Strip

Strip

Taking off one's clothes in gentlemen's clubs can be degrading, or it can be a feminist act.

Strip

Taking off one's clothes in gentlemen's clubs can be degrading, or it can be a feminist act.

Paperback £13.99 || $22.95

Jun 29, 2018
978-1-78535-737-4

Buy this Paperback from one of these retailers:
e-book £10.99 || $17.99

Jun 29, 2018
978-1-78535-738-1

Catlyn Ladd
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Categories

Cultural & social, Women, Women's studies

Synopsis

The exotic dancer exists in popular culture most often as scenery. When she is allowed to speak, she does so to the male protagonist and is either the conniving woman attempting to relieve the hero of the cash in his wallet, or fallen woman in need of rescue. She is rarely named, existing only as a backdrop, red lights flashing on pliant flesh like a crime scene. She is white, blonde, slim, with large breasts. She is stripper Barbie, plastic porn.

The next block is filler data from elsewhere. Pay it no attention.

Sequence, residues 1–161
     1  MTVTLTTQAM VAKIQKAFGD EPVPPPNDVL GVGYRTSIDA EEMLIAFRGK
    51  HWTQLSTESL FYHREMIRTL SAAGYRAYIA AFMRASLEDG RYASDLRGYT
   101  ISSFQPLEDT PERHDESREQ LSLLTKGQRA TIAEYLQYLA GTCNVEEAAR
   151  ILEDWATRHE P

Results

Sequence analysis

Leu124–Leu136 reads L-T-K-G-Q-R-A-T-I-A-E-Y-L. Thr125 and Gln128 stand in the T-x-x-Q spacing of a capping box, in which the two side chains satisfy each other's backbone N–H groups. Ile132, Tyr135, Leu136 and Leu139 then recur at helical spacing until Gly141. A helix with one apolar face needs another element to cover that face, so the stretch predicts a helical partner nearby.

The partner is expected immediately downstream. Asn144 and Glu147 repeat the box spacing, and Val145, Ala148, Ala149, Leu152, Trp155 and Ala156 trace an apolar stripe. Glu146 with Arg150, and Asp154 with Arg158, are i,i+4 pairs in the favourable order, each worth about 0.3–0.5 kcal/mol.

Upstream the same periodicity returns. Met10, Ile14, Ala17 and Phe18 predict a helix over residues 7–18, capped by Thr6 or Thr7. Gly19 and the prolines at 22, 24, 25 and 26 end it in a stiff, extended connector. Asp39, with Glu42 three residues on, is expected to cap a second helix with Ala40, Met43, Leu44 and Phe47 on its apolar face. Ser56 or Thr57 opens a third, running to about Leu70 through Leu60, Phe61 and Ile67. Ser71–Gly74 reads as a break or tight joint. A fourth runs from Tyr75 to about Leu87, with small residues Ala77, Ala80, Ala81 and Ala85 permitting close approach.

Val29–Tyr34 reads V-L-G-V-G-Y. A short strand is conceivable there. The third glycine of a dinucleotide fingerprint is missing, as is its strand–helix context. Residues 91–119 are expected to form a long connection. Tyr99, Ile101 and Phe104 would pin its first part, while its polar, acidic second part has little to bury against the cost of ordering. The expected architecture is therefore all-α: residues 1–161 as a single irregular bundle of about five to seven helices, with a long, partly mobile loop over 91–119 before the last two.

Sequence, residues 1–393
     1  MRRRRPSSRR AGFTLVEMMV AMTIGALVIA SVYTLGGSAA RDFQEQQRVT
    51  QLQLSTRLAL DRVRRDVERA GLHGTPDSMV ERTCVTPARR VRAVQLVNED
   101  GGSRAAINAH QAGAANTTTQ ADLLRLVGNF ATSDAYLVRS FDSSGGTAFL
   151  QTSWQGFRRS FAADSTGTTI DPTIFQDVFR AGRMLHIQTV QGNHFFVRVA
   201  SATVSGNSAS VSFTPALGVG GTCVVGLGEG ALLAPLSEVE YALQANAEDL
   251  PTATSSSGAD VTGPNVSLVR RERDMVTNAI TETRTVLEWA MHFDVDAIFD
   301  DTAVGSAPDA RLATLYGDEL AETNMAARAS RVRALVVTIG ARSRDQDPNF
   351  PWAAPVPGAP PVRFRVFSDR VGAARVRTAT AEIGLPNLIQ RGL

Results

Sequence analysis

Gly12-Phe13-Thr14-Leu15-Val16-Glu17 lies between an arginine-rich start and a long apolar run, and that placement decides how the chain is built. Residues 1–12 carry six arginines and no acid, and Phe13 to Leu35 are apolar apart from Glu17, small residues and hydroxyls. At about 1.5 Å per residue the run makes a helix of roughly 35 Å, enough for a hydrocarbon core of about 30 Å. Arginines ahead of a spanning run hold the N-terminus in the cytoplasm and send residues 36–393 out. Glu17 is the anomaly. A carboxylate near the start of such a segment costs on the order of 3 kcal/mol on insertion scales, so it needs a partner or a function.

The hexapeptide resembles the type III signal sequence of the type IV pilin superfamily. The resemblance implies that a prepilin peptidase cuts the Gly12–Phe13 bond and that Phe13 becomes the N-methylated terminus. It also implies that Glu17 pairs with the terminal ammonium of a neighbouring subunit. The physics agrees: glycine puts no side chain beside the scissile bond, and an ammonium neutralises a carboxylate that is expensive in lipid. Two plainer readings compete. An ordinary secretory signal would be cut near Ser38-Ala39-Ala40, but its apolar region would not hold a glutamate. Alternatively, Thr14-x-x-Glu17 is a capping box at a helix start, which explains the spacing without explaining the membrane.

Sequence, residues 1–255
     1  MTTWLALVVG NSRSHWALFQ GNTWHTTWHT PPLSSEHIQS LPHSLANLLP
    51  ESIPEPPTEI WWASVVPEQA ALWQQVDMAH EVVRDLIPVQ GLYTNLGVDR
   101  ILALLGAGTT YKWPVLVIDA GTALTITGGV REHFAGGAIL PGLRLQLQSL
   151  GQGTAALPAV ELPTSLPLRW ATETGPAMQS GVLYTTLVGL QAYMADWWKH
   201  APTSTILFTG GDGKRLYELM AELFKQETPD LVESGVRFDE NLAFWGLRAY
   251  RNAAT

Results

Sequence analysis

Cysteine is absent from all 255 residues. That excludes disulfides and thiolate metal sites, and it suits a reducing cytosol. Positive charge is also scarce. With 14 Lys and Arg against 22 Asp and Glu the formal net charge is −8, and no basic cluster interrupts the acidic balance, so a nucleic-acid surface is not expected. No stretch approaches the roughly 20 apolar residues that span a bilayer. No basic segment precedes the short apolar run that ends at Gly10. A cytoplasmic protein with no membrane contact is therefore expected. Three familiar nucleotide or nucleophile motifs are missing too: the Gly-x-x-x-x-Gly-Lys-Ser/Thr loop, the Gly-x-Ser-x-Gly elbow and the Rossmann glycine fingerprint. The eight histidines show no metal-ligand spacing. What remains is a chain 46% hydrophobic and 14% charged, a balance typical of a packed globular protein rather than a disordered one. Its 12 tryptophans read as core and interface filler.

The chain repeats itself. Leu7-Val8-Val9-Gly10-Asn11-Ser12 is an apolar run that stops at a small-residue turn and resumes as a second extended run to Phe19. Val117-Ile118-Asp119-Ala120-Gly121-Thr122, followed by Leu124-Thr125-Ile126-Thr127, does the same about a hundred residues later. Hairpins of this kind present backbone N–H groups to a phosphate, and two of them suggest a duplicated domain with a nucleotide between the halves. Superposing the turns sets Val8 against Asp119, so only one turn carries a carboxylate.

Strip brings nuance to a subject that is often overlooked, ignored, or otherwise silenced. To all readers of human culture interested in the anthropology of what it means to be a sex object in modern America, this book is about much more than stripping. It argues that gentlemen’s clubs are a microcosm that distills the female experience of patriarchal culture. On the body of woman is written male desire. In the eyes of woman, gazing at the male, culture can truly be seen.

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